The power of green tea comes from its antioxidants and natural anti-inflammatory properties. A study in the Iranian Journal of Anesthesiology and Pain Medicine showed how green tea can reduce soreness of the throat in postoperative patients. If you don’t like the taste of green tea – black tea may be just as good, it’s more about quantity here than a specific kind of tea.
Green tea is the only real tea in this list because it comes from a plant known as Camellia Sinensis, while infusions from other plants are more correctly called herbal teas or tisanes.
In addition to helping soothe a sore throat, green tea has many other benefits – it can decrease the risk of cardiovascular disease and lower the chances of having a heart attack or a stroke.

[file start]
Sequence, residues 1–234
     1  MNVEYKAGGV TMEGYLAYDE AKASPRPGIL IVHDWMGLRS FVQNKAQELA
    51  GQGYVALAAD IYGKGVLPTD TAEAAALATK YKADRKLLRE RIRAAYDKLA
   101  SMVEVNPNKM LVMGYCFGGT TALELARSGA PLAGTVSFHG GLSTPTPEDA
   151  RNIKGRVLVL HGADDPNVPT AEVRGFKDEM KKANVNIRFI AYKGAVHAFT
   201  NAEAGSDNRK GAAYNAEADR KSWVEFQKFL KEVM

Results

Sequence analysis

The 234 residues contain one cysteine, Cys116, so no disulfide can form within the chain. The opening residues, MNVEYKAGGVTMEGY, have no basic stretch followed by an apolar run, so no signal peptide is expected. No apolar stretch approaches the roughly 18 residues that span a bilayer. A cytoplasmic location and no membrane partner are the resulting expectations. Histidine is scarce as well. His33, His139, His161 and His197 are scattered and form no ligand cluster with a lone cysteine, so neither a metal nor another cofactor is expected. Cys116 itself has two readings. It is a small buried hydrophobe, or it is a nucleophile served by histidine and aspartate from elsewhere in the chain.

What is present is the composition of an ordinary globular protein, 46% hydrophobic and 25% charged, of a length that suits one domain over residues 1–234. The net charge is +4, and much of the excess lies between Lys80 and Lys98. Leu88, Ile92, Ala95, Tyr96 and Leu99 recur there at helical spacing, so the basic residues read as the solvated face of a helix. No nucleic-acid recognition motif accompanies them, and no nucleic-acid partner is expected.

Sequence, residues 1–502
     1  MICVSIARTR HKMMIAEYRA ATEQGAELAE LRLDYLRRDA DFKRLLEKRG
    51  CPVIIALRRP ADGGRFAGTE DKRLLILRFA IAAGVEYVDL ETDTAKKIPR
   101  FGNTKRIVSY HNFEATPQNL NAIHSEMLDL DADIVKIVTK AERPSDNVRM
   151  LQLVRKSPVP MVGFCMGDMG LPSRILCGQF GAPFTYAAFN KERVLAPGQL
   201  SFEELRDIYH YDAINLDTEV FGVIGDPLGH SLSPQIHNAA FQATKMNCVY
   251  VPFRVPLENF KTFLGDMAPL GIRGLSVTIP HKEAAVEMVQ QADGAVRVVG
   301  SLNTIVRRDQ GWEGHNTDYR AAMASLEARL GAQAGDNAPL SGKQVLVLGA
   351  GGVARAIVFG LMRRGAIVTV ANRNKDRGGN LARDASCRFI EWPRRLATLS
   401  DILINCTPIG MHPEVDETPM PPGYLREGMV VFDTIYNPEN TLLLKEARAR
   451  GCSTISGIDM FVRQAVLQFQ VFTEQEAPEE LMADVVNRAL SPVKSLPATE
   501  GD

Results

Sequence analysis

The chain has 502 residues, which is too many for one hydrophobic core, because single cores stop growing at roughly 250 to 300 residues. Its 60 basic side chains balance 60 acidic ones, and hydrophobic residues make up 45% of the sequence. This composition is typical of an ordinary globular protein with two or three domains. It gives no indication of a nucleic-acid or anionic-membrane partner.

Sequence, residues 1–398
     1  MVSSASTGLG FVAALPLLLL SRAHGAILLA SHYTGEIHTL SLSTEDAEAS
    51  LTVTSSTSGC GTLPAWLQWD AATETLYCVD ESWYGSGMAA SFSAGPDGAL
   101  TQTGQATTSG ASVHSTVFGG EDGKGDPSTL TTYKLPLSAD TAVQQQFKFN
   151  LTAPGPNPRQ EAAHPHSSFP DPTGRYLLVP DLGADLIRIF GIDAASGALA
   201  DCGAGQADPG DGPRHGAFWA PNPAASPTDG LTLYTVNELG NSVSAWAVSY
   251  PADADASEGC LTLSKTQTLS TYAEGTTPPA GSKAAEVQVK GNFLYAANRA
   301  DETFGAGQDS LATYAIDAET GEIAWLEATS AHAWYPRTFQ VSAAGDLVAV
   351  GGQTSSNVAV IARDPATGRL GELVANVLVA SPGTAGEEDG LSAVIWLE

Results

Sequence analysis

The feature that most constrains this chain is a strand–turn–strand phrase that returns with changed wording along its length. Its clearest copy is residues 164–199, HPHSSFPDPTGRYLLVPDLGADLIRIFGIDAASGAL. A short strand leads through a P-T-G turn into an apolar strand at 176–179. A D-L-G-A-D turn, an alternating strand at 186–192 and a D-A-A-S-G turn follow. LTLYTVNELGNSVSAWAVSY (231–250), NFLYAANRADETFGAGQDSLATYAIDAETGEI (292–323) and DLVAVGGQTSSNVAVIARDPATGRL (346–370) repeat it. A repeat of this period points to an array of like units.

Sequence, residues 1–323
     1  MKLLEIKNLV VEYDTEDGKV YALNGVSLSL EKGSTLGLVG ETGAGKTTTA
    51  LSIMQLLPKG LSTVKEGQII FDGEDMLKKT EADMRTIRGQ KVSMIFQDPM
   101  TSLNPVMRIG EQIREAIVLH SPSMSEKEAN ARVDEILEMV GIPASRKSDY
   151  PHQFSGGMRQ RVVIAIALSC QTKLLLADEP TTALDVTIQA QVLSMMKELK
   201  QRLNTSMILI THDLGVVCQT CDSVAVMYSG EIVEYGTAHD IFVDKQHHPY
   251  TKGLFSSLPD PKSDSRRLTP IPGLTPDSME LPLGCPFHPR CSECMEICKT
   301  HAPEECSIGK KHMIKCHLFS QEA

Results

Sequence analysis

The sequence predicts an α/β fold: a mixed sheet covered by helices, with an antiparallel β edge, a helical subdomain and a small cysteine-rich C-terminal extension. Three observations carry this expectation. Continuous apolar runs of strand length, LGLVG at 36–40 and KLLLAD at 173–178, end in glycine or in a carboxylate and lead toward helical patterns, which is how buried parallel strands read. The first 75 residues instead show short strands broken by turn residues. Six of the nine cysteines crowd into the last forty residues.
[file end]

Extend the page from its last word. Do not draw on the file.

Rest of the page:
What to avoid
Green tea, oolong tea, black tea, and other real teas are generally caffeinated beverages, so they may not be suitable for people with caffeine sensitivity (for caffeine-free options consider herbal teas). It should not be consumed in very large quantities – drinking more than 5 cups a day can, in fact, have adverse effects, such as causing kidney stones.
How to prepare green tea
Green tea needs a water temperature of around 80°C degrees. To estimate – bring water to boil and let it cool for 5 minutes. Then pour the hot water over a teaspoon of loose leaves or a tea bag per cup and wait for 2-3 minutes. I shared some tips on how to brew your tea correctly in my blog.
2. Licorice root tea
Like green tea, licorice root (Glycyrrhiza glabra) tea is effective in soothing a postoperative sore throat. It has anti-inflammatory properties because it contains an active ingredient called glycyrrhizin which triggers the body’s own immune response.
The herb has been used in traditional Chinese medicine for centuries and a study from